Review: Atom Agency Volume 1: The Begum’s Jewels (Europe Comics)

If you had to describe to someone a perfect example of a Franco Belgian Bandes dessinée, then you could do a lot worse than pointing in the general direction of Yann and Schwartz’s effortlessly cool Atom Agency Volume 1: The Begum’s Jewels from Europe Comics.

Publisher: Europe Comics
Writer: Yann
Artist: Schwartz
Price: £3.99 from ComiXology


Our hero, Atom Vercorian is a struggling detective (is there any other kind) who along with his sidekick Mimi investigates cheating husbands, but dreams of something much more meaningful. So when The Begum, (aka the wife of the world’s richest man, the Aga Khan), has per priceless jewels stolen, then Atom looks for a chance to make a name for himself and his agency. Recruiting former wrestler Jojo Top as their ‘muscle’ (however he prefers to be seen as a partner after helping them out financially) Atom and co are taken all over France in search of the missing jewels, crossing paths with sleazy gangsters and an enigmatic femme fatale know as the Red Panther.

Atom Agency is a glorious Gallic thrill ride of a crime book. Set in the late 1940s it is packed with vintage Frenco-Belgian chic, from the clothes to the cars to the glorious locations. It feels more like something set in the roaring ’20s or ’30s as the fashions are delightfully old school (smart suits and long socks), but also painfully sharp and elegant. It’s also set in an idealistic world of gangsters and molls and tough guy wrestlers, which lacks the irony and cynicism of the present day and feels more like a crime noir version of Tintin as a result. (But with extra violence!)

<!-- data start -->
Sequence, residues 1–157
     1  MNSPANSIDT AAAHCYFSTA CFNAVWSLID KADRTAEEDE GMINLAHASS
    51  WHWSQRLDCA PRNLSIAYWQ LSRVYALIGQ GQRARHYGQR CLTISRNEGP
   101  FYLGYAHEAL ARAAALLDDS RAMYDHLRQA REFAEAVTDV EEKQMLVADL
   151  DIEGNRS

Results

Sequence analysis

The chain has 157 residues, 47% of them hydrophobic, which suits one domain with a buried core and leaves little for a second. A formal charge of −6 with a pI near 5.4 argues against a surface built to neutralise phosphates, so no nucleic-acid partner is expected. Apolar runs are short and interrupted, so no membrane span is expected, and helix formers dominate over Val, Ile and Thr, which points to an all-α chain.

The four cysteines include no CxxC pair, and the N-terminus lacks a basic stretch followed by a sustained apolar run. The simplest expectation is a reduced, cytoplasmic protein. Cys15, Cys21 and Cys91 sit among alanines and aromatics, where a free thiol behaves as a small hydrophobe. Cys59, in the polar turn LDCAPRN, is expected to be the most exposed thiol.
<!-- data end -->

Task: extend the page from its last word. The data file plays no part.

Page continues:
Every page is packed with intricately conceived panels, thanks to Schwartz’s exquisite artwork. He is a master of that Gallic style that sees highly cartoonish characters exist in a beautifully rendered world that manages to blur the line between these two disparate styles, creating something impeccably cool. With the detail and personality of Asterix’s Uderzo, but the grittiness of Darwyn Cooke this is more than just a twee attempt at a Gallic crime story. It reminded us a lot of Bandette at times, but it steers clear of the more lightweight elements of Paul Tobin and Colette Coover’s Eisner Award Winner and instead delivers a story with real meat to it. (We can’t imagine someone getting their throat slit in Bandette for example!)

With more text and detail in a single page than some comics manage in a three issue run, it’s a dense read which at times can be a bit over whelming as you crave a simple de-constructed spread or a splash page. However that is not the style for this kind of book, and would look out of place if they did include one. While the story may sometimes leap around a bit too much for our liking, the strength of the characters and the quality of the artwork powers it forward.

Atom is a fantastic plucky hero, trying to make a name for himself as a detective in the shadow of his senior police detective father (who is trying to prove his worth too). His over sized eye brows from his Armenian heritage give him a great look and makes him instantly recognisable in amongst the detail of the pages. While Mimi on paper should just be plucky sidekick but is continually trying to prove her worth to her partner and not simply trailing around after, making her a much more enigmatic buddy. And finally ex wrestler Jojo Top is perhaps the best of the three as the reluctant muscle who wants to be more than a simple punching bag. He is cast as classic tough guy wrestler in the vein of a Bruno Sammartino, from a time when wrestling was real, rather than a muscled up showman, and he feels like a cerebral Hulk or smart Ben Grimm type character who is an interesting foil to the other more clueless and ideallistic two.

Atom Agency Volume 1: The Begum’s Jewels is thoroughly wonderful read, that will have you eager from more the minute you reach the final panel. It is currently available at a criminally good price on ComiXology, so start investigating this Gallic delight today!